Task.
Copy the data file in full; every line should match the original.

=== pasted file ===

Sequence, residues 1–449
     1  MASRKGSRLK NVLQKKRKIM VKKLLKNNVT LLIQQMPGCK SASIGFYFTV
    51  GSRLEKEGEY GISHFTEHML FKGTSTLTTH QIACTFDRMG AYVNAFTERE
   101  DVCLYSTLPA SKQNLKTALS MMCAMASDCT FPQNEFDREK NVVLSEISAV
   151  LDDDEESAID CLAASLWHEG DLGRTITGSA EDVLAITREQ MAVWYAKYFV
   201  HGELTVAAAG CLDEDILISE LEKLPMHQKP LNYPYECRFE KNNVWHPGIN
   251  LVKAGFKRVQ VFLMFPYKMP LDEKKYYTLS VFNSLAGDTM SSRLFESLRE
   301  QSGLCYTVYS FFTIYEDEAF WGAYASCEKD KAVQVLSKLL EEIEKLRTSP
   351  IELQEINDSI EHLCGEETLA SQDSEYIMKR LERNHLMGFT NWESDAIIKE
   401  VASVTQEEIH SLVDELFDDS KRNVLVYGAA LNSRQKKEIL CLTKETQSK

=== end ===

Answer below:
Sequence, residues 1–449
     1  MASRKGSRLK NVLQKKRKIM VKKLLKNNVT LLIQQMPGCK SASIGFYFTV
    51  GSRLEKEGEY GISHFTEHML FKGTSTLTTH QIACTFDRMG AYVNAFTERE
   101  DVCLYSTLPA SKQNLKTALS MMCAMASDCT FPQNEFDREK NVVLSEISAV
   151  LDDDEESAID CLAASLWHEG DLGRTITGSA EDVLAITREQ MAVWYAKYFV
   201  HGELTVAAAG CLDEDILISE LEKLPMHQKP LNYPYECRFE KNNVWHPGIN
   251  LVKAGFKRVQ VFLMFPYKMP LDEKKYYTLS VFNSLAGDTM SSRLFESLRE
   301  QSGLCYTVYS FFTIYEDEAF WGAYASCEKD KAVQVLSKLL EEIEKLRTSP
   351  IELQEINDSI EHLCGEETLA SQDSEYIMKR LERNHLMGFT NWESDAIIKE
   401  VASVTQEEIH SLVDELFDDS KRNVLVYGAA LNSRQKKEIL CLTKETQSK